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  • Several students in white coats stand around the virtual dissection table (a large, horizontal screen). Prof. Bräuer shows something to the bystanders.

    In the "Anatomy Circuit Training" course, students will be able to learn about the anatomy of the abdominal cavity using a virtual dissection table (in the foreground). Photo: University of Oldenburg/Daniel Schmidt

New ideas for teaching

From child protection in primary education to virtual reality in anatomy: seven projects at the University of Oldenburg are receiving funding through the Lower Saxony Ministry of Science and Culture's Innovation plus programme.



From child protection in primary education to virtual reality in anatomy: seven projects at the University of Oldenburg are receiving funding through the Lower Saxony Ministry of Science and Culture's Innovation plus programme.

Over the next two semesters the university will receive around 330,000 euros in funding from the programme to develop various courses. The aim of the project "Innovative Teaching and Learning Concepts: Innovation Plus" is to help teachers to establish new teaching concepts at universities. The Oldenburg projects included in the programme are in the fields of education, economics, economic education, chemistry, biology, physics and medicine. An overview of the projects is provided below.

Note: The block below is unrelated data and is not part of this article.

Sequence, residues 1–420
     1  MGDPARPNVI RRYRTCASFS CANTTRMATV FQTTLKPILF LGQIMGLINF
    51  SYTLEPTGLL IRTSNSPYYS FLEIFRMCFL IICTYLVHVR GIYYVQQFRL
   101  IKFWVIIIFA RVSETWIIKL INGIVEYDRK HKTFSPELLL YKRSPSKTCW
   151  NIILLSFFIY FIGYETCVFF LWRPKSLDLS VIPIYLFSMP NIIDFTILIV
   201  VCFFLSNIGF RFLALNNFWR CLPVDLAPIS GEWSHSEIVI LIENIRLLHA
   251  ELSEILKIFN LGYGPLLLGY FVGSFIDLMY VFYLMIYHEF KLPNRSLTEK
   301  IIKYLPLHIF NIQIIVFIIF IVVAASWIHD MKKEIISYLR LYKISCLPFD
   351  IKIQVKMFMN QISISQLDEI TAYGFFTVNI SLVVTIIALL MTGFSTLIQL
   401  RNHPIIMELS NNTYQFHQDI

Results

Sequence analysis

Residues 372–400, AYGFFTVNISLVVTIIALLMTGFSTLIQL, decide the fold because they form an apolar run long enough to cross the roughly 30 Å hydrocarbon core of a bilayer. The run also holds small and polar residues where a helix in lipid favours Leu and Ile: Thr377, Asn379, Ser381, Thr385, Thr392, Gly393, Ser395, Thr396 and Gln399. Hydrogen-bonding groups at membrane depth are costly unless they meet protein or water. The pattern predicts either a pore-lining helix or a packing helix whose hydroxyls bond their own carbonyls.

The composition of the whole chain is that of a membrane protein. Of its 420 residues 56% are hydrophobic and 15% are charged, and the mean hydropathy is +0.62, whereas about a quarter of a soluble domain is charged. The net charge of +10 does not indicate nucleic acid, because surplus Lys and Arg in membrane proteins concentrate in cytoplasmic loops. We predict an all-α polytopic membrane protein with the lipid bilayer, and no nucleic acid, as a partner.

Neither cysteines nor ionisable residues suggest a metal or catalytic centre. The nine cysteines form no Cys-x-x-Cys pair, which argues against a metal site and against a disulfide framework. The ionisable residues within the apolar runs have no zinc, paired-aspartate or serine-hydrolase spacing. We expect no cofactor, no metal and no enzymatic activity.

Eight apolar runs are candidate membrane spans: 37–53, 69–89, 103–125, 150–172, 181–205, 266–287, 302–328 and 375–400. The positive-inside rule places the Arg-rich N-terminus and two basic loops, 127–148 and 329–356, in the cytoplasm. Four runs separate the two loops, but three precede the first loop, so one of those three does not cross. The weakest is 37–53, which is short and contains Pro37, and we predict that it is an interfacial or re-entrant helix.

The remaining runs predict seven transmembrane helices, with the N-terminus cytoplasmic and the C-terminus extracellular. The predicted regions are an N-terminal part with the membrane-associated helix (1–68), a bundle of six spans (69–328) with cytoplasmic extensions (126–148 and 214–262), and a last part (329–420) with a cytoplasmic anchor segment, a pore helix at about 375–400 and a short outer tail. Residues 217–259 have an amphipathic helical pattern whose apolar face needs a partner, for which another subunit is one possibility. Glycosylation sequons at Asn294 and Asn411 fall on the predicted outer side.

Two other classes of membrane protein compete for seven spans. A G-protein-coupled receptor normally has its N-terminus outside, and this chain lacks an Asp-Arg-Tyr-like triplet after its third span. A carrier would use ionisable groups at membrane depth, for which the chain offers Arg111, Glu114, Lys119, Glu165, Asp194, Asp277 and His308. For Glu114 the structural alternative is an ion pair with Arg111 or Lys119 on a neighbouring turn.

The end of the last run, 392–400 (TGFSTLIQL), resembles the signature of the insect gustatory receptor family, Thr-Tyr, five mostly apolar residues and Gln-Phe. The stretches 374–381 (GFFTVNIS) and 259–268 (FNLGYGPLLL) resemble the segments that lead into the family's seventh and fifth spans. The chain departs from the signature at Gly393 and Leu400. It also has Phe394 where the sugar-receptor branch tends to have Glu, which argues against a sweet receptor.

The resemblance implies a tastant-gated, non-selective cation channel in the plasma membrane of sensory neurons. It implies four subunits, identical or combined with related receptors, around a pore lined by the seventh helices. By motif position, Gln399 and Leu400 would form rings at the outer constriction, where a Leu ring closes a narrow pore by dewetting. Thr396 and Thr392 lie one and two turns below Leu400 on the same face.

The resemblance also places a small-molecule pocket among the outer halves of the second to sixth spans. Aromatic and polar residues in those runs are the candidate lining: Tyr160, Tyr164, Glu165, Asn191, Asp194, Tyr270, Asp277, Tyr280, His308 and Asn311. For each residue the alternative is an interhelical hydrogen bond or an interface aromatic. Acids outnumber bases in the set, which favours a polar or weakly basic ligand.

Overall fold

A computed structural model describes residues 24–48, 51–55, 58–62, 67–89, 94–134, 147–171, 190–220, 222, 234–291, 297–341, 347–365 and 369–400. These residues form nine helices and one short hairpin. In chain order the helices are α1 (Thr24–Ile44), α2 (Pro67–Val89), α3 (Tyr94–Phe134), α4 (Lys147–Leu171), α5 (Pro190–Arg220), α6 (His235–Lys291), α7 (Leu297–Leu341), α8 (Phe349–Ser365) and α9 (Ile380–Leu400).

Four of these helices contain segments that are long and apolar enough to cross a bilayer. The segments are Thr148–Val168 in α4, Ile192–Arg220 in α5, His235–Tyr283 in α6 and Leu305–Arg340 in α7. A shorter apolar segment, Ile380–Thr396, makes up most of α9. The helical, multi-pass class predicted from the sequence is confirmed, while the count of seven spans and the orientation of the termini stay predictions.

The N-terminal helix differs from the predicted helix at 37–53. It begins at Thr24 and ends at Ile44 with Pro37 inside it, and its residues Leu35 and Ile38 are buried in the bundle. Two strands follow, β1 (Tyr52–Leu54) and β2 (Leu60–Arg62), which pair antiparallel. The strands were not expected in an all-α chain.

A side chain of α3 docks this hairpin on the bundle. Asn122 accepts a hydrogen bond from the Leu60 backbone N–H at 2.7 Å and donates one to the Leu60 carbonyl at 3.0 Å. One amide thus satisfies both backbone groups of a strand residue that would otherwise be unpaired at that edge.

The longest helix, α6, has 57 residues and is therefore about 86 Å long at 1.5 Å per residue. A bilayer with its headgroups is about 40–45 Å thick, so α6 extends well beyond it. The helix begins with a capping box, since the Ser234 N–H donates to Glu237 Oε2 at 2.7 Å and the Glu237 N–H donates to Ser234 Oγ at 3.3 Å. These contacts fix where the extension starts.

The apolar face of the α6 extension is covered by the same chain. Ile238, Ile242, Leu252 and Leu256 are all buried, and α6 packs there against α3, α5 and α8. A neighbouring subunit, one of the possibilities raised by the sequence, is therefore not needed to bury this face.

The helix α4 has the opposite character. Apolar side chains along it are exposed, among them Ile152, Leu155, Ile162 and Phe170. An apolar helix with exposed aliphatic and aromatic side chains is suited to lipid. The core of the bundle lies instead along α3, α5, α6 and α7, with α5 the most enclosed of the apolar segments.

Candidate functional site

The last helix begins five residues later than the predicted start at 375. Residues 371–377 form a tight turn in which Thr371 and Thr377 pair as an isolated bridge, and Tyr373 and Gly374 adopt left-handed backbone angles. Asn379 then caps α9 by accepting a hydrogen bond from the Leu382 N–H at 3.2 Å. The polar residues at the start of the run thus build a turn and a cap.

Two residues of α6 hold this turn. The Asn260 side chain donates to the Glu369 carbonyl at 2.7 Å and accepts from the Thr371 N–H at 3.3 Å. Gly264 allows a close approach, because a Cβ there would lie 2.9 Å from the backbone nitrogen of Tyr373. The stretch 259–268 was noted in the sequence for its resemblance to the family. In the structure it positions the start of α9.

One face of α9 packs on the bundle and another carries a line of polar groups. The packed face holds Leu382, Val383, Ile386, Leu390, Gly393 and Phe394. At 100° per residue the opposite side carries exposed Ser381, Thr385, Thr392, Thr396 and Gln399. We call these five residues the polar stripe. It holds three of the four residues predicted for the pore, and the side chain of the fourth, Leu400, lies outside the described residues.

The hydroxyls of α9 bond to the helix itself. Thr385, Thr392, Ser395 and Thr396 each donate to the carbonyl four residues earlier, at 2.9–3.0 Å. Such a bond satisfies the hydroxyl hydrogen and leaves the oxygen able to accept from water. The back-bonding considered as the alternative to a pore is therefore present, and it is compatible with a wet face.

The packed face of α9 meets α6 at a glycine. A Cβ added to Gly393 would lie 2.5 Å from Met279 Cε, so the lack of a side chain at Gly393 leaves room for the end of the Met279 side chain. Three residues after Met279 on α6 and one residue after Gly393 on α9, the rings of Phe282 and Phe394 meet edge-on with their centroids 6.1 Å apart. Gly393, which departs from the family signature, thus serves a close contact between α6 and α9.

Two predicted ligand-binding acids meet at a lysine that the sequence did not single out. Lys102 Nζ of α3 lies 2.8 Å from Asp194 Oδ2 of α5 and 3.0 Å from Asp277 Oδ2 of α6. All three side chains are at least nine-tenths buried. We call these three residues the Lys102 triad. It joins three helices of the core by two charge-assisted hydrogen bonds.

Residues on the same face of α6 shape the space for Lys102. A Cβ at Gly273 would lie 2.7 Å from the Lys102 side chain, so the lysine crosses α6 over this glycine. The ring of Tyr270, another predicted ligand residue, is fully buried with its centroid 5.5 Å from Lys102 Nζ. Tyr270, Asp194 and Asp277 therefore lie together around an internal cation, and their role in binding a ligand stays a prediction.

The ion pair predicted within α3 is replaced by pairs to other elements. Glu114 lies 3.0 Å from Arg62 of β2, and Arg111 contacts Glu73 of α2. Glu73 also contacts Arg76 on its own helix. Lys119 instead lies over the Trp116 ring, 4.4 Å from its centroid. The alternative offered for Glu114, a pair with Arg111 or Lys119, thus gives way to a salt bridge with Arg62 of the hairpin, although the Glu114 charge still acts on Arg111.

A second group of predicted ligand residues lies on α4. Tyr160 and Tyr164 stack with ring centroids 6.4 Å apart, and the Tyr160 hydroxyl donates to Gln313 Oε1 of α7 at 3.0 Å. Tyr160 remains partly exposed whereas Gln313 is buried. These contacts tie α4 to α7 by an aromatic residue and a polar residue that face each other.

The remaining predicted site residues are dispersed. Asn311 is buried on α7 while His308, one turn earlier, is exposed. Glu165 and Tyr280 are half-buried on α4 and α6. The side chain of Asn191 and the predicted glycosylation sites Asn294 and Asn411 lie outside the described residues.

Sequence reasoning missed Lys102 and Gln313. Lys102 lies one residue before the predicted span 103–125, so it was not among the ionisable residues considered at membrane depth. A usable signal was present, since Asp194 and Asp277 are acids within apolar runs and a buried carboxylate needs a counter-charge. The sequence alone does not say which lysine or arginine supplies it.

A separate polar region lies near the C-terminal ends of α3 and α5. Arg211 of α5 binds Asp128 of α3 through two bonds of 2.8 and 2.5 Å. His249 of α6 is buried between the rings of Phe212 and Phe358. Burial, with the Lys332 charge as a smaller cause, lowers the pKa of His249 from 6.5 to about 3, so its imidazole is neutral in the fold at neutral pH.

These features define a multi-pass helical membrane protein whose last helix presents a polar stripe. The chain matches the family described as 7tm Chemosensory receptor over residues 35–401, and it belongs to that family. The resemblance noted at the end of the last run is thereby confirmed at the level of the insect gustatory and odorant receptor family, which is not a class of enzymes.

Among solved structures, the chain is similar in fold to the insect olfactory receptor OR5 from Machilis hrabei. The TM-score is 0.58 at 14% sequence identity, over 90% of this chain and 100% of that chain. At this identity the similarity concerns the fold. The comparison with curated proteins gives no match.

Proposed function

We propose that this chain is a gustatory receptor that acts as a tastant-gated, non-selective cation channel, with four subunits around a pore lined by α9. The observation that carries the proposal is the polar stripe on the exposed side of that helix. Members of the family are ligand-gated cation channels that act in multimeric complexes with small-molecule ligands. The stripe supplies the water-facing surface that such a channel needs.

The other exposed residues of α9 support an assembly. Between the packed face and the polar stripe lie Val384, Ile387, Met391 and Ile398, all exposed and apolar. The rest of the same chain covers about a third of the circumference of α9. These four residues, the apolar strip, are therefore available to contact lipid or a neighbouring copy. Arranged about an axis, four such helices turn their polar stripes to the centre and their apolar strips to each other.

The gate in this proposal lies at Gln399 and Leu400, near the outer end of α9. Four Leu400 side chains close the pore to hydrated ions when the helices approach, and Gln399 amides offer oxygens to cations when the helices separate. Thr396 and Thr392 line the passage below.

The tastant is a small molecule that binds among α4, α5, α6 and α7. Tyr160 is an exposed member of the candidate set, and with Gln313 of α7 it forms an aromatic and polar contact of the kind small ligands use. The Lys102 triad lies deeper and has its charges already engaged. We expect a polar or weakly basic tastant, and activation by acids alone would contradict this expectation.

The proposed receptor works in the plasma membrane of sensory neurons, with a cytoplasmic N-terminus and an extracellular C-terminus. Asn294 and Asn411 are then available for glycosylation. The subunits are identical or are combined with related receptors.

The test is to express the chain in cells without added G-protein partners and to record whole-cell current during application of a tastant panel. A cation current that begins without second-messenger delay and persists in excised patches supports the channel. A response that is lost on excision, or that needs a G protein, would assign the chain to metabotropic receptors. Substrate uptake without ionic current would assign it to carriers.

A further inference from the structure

Child protection in primary education

Teachers have a legal obligation to help safeguard the best interests of children and to cooperate with child and youth services in cases of neglect, abuse or sexual exploitation of children. They need professional skills to be able to detect and assess such situations: How do you pick up on and interpret the signs in daily contact with children? How can primary schools work effectively with child welfare services? What can teachers do to offer children long-term support and provide them with a secure educational biography? Starting this coming winter semester, an in-depth module for students training to be teachers in primary education will provide specialist knowledge in these areas. Participants acquire the basic skills to assess individual cases, evaluate prevention materials and develop protection concepts for primary education. With the module the team led by Prof. Dr. Anke Spies from the Department of Educational Sciences closes a gap between the legal requirements for child protection and teacher training. The module combines digital formats and practical exercises, and is also suitable for advanced teacher training.